And so, risk sold off, safe havens were bid and the farmers (not to mention the cobblers) were restless.
That was the mood on Thursday morning, as China cranked the hyperbole knob to a Spinal Tap-ish “11”, PMIs out of Japan, Germany and the US rattled investors and an overriding sense of angst was a wet blanket over global equities.
10-year yields in the US dipped to their lowest since 2017. Bonds are “marking to misery“, to quote BofA.
But while there’s “misery”, there’s no “mystery”. “UST futures and ED$ Reds / Greens are again ripping higher… on the perception of increased Fed cut odds and there’s a pretty simple logic equation'”, Nomura’s Charlie McElligott says. That equation is as follows:
China / US trade war acceleration dynamic + Dollar strength (“USD Shortage” thesis picking-up new catalysts) + defiant “patient” Fed = further economic downside trajectory = DE-RISKING AHEAD OF THE GLOBAL GROWTH SLOWDOWN
“Simple” though the logic may be, there’s more than a little nuance to be had.
The trade escalation and the growth concerns it’s precipitating (manifesting themselves on Thursday in, for instance, plunging crude) are USD positive. Despite the rates rally, the greenback hit YTD highs on Thursday morning, even as it slipped versus “purer” havens (i.e., JPY and CHF).
This brings us back to the dollar quandary which has vexed more than few commentators this year. Generally speaking, the greenback’s resilience is attributable to a (still) relatively healthy US economy and a Fed that, while dovish compared to last summer, is (still) more hawkish than its global counterparts on top of having already completed a hiking cycle. Hence: Dollar strength and the return of the dollar shortage narrative.
Just like 2018, a strong dollar serves to exacerbate the disinflationary impulse and, in a bit of a tragicomedic turn, the Fed’s “patient” story has gone from being perceived as overtly dovish just a couple of months back, to now comparatively hawkish versus both market pricing and other central banks. Powell’s “transitory” narrative underscores that relative hawkishness.
McElligott weighs in at length on this in his Thursday note (a note which may well go down as one of his classics). Here’s Charlie:
I have been speaking on the “USD Shortage” thesis since early 2018—based upon 1) US Fed Policy Rate (currently) at 11 year highs; 2) ongoing Fed balance-sheet runoff / QT; and 3) increased Treasury issuance / deficit spending to pay for the tax cut / fiscal stimulus—all of which continues to feed tighter US Dollar liquidity & funding conditions—with USD strength recently being further accelerated by 4) Yuan weakness vs USD as a potential Chinese policy tool to offset negative trade impacts of the tariffs, as well as 5) a Fed which is clearly now digging its heels in and trying to remain “patient,” despite the STIRs market pushing-back towards two CUTS being priced-in over the next 12m (EDM9EDM0 back to ~-44bps despite yesterday’s initial “bear-flattening” post-Fed disappointment).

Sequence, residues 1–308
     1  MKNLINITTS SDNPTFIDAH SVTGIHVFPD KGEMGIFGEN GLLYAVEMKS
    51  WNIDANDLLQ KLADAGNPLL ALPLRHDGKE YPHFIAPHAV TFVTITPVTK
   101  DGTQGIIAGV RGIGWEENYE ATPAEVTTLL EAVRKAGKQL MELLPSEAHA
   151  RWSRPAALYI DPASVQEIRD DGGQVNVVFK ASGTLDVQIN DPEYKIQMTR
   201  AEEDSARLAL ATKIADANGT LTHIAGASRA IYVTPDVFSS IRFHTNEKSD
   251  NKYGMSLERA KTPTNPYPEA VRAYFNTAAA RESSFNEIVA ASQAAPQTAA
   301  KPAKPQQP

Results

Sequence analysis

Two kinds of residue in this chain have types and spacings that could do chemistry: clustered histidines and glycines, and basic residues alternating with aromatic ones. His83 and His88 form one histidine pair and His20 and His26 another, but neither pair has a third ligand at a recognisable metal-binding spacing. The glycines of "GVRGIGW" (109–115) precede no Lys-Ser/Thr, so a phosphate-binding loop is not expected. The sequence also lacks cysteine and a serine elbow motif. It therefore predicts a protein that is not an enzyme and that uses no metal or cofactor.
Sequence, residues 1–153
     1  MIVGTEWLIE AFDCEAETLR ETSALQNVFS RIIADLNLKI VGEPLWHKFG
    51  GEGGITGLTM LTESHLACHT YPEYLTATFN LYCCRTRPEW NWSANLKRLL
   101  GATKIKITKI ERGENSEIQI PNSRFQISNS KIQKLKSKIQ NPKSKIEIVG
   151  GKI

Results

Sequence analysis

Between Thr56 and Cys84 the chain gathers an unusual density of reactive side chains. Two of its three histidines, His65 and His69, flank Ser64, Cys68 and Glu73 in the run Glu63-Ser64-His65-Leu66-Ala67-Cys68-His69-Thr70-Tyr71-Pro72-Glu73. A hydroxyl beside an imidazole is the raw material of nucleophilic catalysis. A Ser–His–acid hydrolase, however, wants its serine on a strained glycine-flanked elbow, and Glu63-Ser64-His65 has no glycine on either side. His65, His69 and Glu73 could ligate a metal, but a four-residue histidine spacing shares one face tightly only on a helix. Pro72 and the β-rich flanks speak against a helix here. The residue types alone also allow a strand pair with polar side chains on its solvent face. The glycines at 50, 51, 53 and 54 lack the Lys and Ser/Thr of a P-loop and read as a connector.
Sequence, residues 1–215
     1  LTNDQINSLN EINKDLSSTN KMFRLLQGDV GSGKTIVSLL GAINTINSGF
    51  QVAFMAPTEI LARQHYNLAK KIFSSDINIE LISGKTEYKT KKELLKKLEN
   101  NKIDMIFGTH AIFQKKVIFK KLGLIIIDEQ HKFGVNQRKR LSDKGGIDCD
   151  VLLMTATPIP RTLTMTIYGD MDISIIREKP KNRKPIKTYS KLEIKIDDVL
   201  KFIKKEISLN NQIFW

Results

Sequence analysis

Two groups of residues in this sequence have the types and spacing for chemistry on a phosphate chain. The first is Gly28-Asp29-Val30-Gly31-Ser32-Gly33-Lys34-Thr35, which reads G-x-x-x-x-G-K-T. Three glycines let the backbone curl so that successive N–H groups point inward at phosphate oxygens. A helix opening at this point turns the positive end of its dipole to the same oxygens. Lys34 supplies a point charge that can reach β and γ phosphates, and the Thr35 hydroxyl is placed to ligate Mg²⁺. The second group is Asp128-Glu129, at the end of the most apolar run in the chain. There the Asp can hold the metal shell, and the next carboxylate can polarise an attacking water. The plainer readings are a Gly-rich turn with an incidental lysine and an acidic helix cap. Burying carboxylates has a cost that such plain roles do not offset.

Now, the resilient dollar is colliding with the trade war escalation and a recalcitrant Fed. That’s a recipe for trouble. As Charlie writes, a “defiant Fed ‘patience’ message that policy will be appropriate for ‘some time’ is again clashing with market expectations—which typically doesn’t end well.”
He continues, noting that “the front-end move since the start of 2018 speaks to higher USD money market rates [and] tighter global trade financing conditions.” A quick look at 3-month bill rates, LIBOR, commercial paper and GC Repo shows that efforts to “loosen” thinks up following last year’s debacle (USD “cash” outperformed 90% of global assets in 2018) notwithstanding, “it’s still tight in here”, as McElligott puts it.
As a related aside, anyone looking for recession indicators could start here:
McElligott covers much more in his Thursday missive, but this point deserves separate treatment – that is, it deserves its own dedicated post considering the interplay between dollar liquidity and trade. Here’s Charlie again:
… global trade is clearly now being dragged into the mud by a ‘vicious spiral of not just the actual tariff barriers and the lack of corporate visibility therein, but perhaps most importantly, the ongoing strength in US Dollar, which further undermines a global economy which is dependent upon trade and financed by US Dollar liquidity.
Even as risk assets powered higher in the new year, the “dollar liquidity squeeze”/ “dollar shortage” story lingered – like stale cigarette smoke – despite the Fed’s efforts to engineer looser financial conditions.
To quote a better writer than myself, “There was much wine, an ignored tension, and a feeling of things coming that you could not prevent happening. Under the wine I lost the disgusted feeling and was happy. It seemed they were all such nice people.”